Immunotherapy and epigenetic pathway modulation in glioblastoma multiforme

Christopher Chin, Emma S. Lunking, Macarena De La Fuente, Nagi G. Ayad

Research output: Contribution to journalReview articlepeer-review

9 Scopus citations


Glioblastoma Multiforme (GBM) is the most common malignant primary brain tumor. Despite aggressive multimodality treatment it remains one of the most challenging and intractable cancers (1). While current standard of care treatment for GBM is maximal safe surgical resection, systemic chemotherapy with Temozolimide (TMZ), and radiation therapy, the current prognosis of GBM patients remains poor, with a median overall survival of 12-15 months (2, 3). Therefore, other treatments are needed to provide better outcomes for GBM patients. Immunotherapy is one of the most promising new cancer treatment approaches. Immunotherapy drugs have obtained regulatory approval in a variety of cancers including melanoma (4), Hodgkin lymphoma (5), and non-small cell lung cancer (6). The basis of immunotherapy in cancer treatment is linked to stimulating the immune system to recognize cancer cells as foreign, thereby leading to the eventual elimination of the tumor. One form of immunotherapy utilizes vaccines that target tumor antigens (7), while other approaches utilize T-cells in patients to stimulate them to attack tumor cells (8). Despite intensive efforts all approaches have not been overtly successful (9), suggesting that we need to better understand the underlying biology of tumor cells and their environment as they respond to immunotherapy. Recent studies have elucidated epigenetic pathway regulation of GBM tumor expansion (10), suggesting that combined epigenetic pathway inhibition with immunotherapy may be feasible. In this review, we discuss current GBM clinical trials and how immune system interactions with epigenetic pathways and signaling nodes can be delineated to uncover potential combination therapies for this incurable disease.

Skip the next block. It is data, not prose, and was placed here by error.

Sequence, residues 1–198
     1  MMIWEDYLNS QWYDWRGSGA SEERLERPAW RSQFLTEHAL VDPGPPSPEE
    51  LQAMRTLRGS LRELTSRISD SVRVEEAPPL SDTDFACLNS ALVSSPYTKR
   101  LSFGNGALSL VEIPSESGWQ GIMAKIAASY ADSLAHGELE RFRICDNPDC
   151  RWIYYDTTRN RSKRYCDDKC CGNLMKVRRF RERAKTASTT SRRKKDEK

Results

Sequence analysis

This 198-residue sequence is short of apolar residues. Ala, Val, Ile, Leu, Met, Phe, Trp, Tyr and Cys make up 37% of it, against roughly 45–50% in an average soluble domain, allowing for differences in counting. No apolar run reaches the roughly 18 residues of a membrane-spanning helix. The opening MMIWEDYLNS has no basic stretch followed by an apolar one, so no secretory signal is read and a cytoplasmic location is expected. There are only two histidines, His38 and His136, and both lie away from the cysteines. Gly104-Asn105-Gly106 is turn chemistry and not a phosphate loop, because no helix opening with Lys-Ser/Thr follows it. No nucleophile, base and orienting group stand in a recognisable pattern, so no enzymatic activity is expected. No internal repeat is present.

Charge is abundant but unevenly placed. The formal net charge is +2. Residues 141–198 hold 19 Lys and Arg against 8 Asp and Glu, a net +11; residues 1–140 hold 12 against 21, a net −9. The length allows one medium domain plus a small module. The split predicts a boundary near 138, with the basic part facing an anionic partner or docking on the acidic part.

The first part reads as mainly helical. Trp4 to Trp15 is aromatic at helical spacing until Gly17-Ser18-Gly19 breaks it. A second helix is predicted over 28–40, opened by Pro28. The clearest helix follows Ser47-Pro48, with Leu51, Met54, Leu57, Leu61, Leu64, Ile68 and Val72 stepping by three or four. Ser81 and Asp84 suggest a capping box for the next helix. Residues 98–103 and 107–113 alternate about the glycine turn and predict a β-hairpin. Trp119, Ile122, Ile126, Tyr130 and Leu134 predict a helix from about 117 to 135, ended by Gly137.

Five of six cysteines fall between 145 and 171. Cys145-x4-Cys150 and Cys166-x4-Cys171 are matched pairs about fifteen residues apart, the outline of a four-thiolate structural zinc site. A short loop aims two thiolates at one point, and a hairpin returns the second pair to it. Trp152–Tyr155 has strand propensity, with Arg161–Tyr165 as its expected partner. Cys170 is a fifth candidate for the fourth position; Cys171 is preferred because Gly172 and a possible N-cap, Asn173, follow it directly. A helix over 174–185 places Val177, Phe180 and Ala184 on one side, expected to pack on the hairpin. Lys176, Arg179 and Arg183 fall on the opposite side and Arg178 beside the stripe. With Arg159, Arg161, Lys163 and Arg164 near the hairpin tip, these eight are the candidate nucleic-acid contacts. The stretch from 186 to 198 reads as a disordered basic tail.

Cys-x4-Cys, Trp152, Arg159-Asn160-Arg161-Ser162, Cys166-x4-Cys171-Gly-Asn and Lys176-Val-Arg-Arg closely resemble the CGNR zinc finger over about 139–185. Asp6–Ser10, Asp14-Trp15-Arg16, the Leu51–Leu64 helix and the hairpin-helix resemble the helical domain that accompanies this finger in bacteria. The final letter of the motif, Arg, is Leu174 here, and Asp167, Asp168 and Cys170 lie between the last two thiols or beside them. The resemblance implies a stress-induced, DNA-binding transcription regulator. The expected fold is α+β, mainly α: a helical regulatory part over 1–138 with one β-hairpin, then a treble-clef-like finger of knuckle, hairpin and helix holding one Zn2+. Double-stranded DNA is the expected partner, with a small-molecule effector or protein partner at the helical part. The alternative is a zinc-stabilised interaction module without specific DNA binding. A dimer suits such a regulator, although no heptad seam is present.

Original languageEnglish (US)
Article number521
JournalFrontiers in Oncology
Issue numberNOV
StatePublished - 2018


  • Clinical trial
  • Epigenetic
  • Glioblastoma
  • Immunotherapeutic
  • Long non coding RNA

ASJC Scopus subject areas

  • Oncology
  • Cancer Research


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